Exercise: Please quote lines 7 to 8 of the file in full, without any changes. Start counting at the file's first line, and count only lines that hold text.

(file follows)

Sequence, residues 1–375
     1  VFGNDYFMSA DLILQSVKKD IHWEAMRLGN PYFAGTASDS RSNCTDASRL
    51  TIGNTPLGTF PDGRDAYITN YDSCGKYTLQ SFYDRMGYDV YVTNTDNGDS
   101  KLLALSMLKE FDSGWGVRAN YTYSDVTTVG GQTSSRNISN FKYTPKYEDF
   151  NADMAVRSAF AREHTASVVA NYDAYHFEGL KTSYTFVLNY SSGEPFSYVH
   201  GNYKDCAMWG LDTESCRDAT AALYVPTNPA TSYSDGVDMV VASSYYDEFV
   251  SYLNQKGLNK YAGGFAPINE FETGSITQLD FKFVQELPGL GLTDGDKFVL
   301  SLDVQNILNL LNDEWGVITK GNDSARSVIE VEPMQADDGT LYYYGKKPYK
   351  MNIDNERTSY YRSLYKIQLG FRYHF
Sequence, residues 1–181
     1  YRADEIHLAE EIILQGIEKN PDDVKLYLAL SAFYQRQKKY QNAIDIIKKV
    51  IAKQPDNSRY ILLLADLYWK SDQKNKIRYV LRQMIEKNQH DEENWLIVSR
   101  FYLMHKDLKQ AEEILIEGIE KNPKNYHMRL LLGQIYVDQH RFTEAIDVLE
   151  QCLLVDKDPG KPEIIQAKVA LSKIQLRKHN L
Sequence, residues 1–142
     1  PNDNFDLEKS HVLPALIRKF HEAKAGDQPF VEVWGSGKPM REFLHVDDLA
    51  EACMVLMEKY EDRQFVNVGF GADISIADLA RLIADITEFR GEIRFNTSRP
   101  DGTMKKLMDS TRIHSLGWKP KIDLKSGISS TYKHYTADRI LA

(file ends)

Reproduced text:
   251  SYLNQKGLNK YAGGFAPINE FETGSITQLD FKFVQELPGL GLTDGDKFVL
   301  SLDVQNILNL LNDEWGVITK GNDSARSVIE VEPMQADDGT LYYYGKKPYK